Aside from death and taxes the one thing that we can all
be certain of is that, like it or not, things change. When was the last time you used a pay phone? When was the last time you wrote a letter? When was the last time you wrote a letter on a typewriter? When was the last time you used a map, a phone book, or crossed the desert at night to beat the heat?
In 1909, more than 828,000 horse-drawn vehicles rolled from American factories. That year automobile manufacturers set a new record with combined production totaling more than 128,000 vehicles. Fast forward two decades and a mere 4,000 horse drawn vehicles were manufactured. Meanwhile, in 1929, Ford manufactured more than 2,000,000 automobiles and trucks, and there were more than a dozen automobile companies rolling vehicles along assembly lines including Hudson, Oakland, Pontiac, Chevrolet, Studebaker, Auburn, Cord, Willys, Chrysler, Nash, Pierce-Arrow, Packard, and Checker.
Within that twenty year period new words such as motel were added to the lexicon, and we were introduced to tricolor traffic lights, the cloverleaf interchange, the US highway system, and automobiles with radios as well as the installment plan. By 1920, there were more American homes with automobiles in the driveway than homes with indoor plumbing.
The cover photo for today’s post that was provided by the Mohave Museum of History & Arts tells quite a story. The location is the corner of South Front Street, now Topeka Street, and Fourth Street in Kingman, Arizona on the National Old Trails Highway. In the hope of capturing a dollar or two of revenue from the ever increasing flow of travelers, Kingman, had a free campground. In the background is Desert Motors that opened in 1915 as a Maxwell, Chalmers, and Packard dealer and repair facility. The service station was the first one in town and the owners were Black and Ellis, former owners of a blacksmith shop. Even at this late date, automobiles often shared the streets of Kingman with twenty-mule teams.
Today, a long shuttered body shop has taken the place of the dealership. The gas station and the camp ground are a debris filled vacant lot. This section of both the National Old Trails Highway and an early alignment of Route 66, once major highways traveled by people chasing dreams, are dead end roads.
When overwhelmed by technology and the need to learn how to download and use a new program or convert a WAV file to MP3, which is quite often, I reflect on the world of a century ago and thumb through old photos such as this. Each photo is a window into a brief moment in time. Each photo is a window into a world that was in a state of transition. Each photo provides perspective. Then as well as now, people were confronted with the simple fact that times are a changing and that there are but two choices; live like your not afraid of dying, enjoy the ride and make a valiant attempt to stay in the saddle, or sit on the sidelines and become a relic. As frustrating as it is, I prefer the former over the latter. There will be bumps, bruises, and scars but it is never boring.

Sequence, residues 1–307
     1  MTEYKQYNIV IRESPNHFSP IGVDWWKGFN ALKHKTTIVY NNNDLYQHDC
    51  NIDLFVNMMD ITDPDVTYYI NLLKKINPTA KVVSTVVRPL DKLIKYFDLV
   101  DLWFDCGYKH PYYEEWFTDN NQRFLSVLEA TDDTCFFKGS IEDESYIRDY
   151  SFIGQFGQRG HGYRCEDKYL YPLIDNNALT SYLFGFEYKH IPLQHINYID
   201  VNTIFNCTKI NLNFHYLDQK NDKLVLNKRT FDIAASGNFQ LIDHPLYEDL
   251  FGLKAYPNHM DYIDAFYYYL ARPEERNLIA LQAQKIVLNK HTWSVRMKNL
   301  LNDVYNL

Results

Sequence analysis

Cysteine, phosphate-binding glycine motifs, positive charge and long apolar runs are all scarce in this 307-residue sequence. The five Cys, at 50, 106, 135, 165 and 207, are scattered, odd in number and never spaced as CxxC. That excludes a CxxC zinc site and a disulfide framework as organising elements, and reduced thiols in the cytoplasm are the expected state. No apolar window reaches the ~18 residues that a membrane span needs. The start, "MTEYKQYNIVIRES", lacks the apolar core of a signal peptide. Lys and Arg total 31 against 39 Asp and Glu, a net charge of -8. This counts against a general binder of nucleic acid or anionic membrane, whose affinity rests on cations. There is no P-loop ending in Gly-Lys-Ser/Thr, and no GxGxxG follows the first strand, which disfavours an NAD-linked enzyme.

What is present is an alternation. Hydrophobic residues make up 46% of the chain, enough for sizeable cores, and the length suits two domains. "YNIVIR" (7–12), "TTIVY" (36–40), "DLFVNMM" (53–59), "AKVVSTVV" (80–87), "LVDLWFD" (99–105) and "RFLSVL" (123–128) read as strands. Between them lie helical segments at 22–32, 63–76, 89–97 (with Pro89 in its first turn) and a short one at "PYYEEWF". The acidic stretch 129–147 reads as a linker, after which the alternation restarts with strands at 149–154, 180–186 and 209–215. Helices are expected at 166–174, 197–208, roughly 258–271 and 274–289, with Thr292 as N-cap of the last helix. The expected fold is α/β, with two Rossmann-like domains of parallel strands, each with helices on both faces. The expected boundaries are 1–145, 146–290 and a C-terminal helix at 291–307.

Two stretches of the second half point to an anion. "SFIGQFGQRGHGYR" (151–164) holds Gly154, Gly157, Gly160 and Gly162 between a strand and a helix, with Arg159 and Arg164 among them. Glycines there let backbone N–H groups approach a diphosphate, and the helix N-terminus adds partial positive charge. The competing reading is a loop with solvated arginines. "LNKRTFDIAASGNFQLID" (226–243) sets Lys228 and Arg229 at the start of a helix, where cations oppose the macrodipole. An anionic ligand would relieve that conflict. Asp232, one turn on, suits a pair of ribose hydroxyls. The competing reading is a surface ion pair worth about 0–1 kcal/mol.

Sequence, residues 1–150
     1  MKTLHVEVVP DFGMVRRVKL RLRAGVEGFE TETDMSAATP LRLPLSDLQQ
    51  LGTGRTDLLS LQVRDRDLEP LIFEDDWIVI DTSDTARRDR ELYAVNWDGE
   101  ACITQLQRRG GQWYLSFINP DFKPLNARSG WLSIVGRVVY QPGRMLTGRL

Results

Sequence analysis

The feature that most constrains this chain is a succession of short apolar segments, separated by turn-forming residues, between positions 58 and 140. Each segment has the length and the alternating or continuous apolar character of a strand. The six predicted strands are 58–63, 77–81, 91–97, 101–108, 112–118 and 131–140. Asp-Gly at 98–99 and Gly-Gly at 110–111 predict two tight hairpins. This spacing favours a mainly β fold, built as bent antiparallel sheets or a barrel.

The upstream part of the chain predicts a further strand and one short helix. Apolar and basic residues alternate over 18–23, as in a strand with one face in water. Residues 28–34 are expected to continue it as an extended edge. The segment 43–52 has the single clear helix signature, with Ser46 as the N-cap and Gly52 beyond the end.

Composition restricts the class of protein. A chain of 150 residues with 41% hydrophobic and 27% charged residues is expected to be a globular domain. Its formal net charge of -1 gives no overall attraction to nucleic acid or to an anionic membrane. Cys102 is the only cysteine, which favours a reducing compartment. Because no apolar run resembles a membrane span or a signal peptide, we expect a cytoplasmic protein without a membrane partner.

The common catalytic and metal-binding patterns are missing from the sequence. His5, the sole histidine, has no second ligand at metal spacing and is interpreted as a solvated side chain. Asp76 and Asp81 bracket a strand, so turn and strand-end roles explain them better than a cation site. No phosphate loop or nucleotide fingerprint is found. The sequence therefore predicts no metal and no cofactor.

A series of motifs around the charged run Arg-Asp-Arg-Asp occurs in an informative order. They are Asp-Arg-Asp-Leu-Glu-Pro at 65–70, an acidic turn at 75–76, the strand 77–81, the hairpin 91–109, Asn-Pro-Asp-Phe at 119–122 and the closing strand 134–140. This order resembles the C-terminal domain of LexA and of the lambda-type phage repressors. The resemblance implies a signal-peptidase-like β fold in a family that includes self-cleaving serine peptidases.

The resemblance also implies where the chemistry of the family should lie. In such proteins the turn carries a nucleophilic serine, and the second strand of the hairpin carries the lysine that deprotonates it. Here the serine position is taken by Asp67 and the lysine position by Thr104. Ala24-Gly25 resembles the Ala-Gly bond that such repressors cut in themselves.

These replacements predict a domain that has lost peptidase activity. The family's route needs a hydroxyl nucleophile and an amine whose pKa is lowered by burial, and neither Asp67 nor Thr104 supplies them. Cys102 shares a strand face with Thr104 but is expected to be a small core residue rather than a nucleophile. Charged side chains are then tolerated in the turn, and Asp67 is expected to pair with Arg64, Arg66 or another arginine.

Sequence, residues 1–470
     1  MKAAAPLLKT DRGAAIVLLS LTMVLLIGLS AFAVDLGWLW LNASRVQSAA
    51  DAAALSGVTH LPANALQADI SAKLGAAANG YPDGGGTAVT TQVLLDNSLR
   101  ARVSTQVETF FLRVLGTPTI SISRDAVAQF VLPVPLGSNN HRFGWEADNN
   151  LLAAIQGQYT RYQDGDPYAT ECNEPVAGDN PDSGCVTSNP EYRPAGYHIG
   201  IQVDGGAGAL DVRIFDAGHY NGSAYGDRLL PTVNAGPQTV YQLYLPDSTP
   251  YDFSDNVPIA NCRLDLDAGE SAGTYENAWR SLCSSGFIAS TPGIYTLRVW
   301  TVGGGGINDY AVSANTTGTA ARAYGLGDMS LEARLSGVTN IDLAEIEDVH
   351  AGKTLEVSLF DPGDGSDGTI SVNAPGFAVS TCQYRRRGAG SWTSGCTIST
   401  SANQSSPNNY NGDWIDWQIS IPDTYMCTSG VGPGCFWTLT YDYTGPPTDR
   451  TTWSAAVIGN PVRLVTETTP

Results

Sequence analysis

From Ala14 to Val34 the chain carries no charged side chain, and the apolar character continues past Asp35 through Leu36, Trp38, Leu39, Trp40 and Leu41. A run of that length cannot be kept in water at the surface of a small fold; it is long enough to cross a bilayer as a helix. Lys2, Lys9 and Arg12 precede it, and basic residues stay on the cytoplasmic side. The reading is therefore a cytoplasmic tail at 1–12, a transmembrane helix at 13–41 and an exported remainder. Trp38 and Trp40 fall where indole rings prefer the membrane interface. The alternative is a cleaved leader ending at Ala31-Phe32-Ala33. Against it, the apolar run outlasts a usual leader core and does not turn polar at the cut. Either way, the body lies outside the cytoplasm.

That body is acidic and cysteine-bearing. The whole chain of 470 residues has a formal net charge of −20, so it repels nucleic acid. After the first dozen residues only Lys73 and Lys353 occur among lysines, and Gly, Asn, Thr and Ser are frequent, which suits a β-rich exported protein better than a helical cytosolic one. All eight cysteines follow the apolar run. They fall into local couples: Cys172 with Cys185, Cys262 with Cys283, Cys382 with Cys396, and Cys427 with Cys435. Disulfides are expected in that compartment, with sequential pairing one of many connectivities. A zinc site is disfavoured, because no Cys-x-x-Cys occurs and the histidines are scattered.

Old photos are also a source of fascination and an endless opportunity for story inspiration. Consider the photo of the Hotel Beale below. Look at the people going about their daily business, notice the fellow getting ready to hit the road. Check out the awnings, the advertisements, and the store front display windows. For the imaginative person there is an entire book in one photo.
There is another message to be found in old photos. Look at the photo above. The people you see on the streets are now faded memories for their elderly grandchildren.
If today’s post seems a bit somber, or even heavy, I do apologize. Word has been received that a very dear friend, Willem Bor, is quite ill. News such as this always inspires reflection on life in general, changing times, and how quickly time passes.
In the winter of 2015, with Dries Bessels as our guide and chauffeur, our first dinner in Europe – kip and curry rice – was in the home of Willem and Monique. Their gracious hospitality, a few language issues, and lots of laughter are cherished memories of ours. On that trip Monique acted like a protective mother hen for my dearest friend at the travel fair in Utrecht, and Willem, with a smile and a bit of teasing, helped me hurdle a few language issue induced barriers. And there was a most memorable evening at de Prael in Amsterdam.
This past summer at the first European Route 66 Festival in Germany, we did not have a chance to visit much. However, there was a laughter filled dinner or two, and opportunity to share smile inducing memories.
Willem and Monique and their generosity are also an important part of the Route 66 family. His models of Route 66 locations transcend mere dioramas, they are the artistry of a craftsman. The Bor’s are also founding members of the Dutch Route 66 Association. If you have time, drop this dear couple a note through the Facebook page for the Dutch Route 66 Association.
Mere words can not describe the emotions in times such as this, nor can they adequately provide solace. Times such as this only serve to sharpen the focus on the value of friends and the importance of embracing life, and living it to the fullest. Carpe diem quam minimum credula postero – seize the day, trusting as little as possible in the future.
Take care, mi amigos. Until we meet again, I hope you can join me on Friday mornings for the Facebook live program, and on the Jim Hinckley’s America podcast.